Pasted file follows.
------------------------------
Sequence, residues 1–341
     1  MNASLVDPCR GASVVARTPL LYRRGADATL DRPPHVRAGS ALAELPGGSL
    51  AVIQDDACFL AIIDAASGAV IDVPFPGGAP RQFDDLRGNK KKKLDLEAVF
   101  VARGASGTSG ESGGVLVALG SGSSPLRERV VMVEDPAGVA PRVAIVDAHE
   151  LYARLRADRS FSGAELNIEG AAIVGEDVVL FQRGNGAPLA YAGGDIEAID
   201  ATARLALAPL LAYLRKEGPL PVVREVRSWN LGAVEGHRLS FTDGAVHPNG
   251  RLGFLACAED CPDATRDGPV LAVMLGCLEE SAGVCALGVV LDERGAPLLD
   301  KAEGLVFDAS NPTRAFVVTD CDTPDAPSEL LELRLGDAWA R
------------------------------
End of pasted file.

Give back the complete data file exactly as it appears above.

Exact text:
Sequence, residues 1–341
     1  MNASLVDPCR GASVVARTPL LYRRGADATL DRPPHVRAGS ALAELPGGSL
    51  AVIQDDACFL AIIDAASGAV IDVPFPGGAP RQFDDLRGNK KKKLDLEAVF
   101  VARGASGTSG ESGGVLVALG SGSSPLRERV VMVEDPAGVA PRVAIVDAHE
   151  LYARLRADRS FSGAELNIEG AAIVGEDVVL FQRGNGAPLA YAGGDIEAID
   201  ATARLALAPL LAYLRKEGPL PVVREVRSWN LGAVEGHRLS FTDGAVHPNG
   251  RLGFLACAED CPDATRDGPV LAVMLGCLEE SAGVCALGVV LDERGAPLLD
   301  KAEGLVFDAS NPTRAFVVTD CDTPDAPSEL LELRLGDAWA R